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Is it safe to encrypt possibly same plaintexts with 2 different algorithms using same secret encryption key? This question is similar to this question except they use 2 keys. More formally:

$E_k(m) = E_{1,k}(m)||E_{2,k}(m)$

I understand that this could be easily made secure by producing few more keys out of the one key that is provided by, for example, using a stream cipher over predefined plaintexts or by hashing the key with predefined prefixes. I am wondering if there are any non-obvious problems with mixing schemes. I suspect there may be, since both ciphertexts together provide more information to an attacker than each ciphertext alone.

Consider this. Both schemes use 512 bit keys. First encryption outputs a ciphertext that is a function of message and first half of the key, concatenated with second half of the key in the clear. This scheme is secure in itself, because the key bits essential to security are kept secret. Remaining bits are considered junk. Second encryption does the opposite where first half is outputed in the clear. Together, entire key is revealed.

On side note, I am aware that same RSA keys should not be used for encryption and authentication. GPG uses separate keys. Feels like a similar issue.

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I understand that this could be easily made secure by producing few more keys out of the one key that is provided by, for example, using a stream cipher over predefined plaintexts or by hashing the key with predefined prefixes.

This would be the task of a Key Based Key Derivation Function or KBKDF for short. HKDF is such a KBKDF that quickly has made inroads. It is possible to construct keys using other methods as well, but basically you'd be creating simplified KDFs.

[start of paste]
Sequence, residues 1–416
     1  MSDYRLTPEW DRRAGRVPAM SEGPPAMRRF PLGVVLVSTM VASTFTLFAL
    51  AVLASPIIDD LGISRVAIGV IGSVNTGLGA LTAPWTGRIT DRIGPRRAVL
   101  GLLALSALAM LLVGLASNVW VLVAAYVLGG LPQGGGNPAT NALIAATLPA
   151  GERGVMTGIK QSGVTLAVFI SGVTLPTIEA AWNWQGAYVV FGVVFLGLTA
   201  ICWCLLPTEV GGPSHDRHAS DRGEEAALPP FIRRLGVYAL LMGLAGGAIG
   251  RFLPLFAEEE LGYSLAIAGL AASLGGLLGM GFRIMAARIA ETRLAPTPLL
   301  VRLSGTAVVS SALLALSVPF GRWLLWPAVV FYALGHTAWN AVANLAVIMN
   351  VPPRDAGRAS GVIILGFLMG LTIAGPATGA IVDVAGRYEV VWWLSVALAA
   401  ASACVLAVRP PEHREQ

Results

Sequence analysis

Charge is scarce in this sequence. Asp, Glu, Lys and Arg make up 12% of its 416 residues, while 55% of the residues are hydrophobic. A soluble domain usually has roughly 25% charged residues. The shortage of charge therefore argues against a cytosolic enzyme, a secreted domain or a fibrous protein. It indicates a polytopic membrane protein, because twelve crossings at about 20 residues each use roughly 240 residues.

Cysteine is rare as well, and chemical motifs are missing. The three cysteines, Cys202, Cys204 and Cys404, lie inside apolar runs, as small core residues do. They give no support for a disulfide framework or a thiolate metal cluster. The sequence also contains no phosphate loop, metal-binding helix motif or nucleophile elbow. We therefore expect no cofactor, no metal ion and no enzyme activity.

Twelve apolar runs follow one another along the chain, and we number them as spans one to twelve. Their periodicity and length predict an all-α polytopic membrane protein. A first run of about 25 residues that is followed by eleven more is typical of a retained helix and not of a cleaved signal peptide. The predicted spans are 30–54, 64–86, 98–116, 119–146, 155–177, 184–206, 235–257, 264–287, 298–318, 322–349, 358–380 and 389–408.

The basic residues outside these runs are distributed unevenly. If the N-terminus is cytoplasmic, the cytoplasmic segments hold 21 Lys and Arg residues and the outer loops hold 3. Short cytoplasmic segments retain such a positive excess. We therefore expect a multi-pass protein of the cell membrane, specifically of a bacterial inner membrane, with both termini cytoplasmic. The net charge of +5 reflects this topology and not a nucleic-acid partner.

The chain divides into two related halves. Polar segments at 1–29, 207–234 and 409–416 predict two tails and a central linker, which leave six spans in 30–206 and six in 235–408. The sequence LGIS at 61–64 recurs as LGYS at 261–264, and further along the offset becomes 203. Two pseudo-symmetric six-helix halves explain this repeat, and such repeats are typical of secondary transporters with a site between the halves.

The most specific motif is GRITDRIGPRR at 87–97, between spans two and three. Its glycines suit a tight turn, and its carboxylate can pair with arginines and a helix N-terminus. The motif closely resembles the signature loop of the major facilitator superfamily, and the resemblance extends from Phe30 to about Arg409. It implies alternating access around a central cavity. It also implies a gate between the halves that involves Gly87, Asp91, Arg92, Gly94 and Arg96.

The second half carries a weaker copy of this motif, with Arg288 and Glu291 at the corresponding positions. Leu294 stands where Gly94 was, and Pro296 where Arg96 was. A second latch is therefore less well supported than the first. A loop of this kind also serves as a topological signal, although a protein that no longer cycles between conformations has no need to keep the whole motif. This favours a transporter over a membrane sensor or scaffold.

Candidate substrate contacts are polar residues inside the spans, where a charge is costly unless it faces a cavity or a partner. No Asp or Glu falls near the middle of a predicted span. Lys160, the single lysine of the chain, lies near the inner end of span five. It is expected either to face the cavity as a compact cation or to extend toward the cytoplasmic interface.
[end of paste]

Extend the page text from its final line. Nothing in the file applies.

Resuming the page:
So usually it is better to use a KDF to derive each separate key.

I am wondering if there are any non-obvious problems with mixing schemes. I suspect there may be, since both ciphertexts together provide more information to an attacker than each ciphertext alone.

As you already found out, it is very easy to create a set of two theoretical ciphers where reusing the key is insecure. You could however take a set of normal ciphers that are very different. In that case you have to find an equation where one cipher leaks information about the other, or you have to retrieve the key from one of the ciphers (i.e. breaking it). Nobody here is going to take two of the final AES candidates and break this scheme.

On side note, I am aware that same RSA keys should not be used for encryption and authentication. GPG uses separate keys. Feels like a similar issue.

Now you're getting into dangerous waters. Unlike the AES candidates keys for asymmetric ciphers generally have a specific structure that is tied to the algorithm (e.g. RSA). So you can probably only use them for algorithms that are directly related. In that case it might very well be that you leak information and possibly even the key.

The same indeed goes for cipher modes that simply split the key into multiple parts such as SIV of course. You would not want any key reuse for those kind of modes of operation.


Note that besides theoretical issues there may be practical issues as well. Many API's won't allow you to use a key of one specific type as another. Imagine you've got an RSA or AES key in a HSM. You cannot just use that for any other algorithm.

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It sounds like you already answered your own question, however I will try and offer an alternative.

Assume your first encryption scheme is a substitution cipher that shifts each character by key+4. The second scheme shifts each character by key-3. If you use an identical key and plaintext, an attacker now has extra information to begin cryptanalysis. They know that the key will work both +4 and -3.

Of course with AES or other more advanced ciphers, it will be much more complicated, but I believe this illustrates the main issue.

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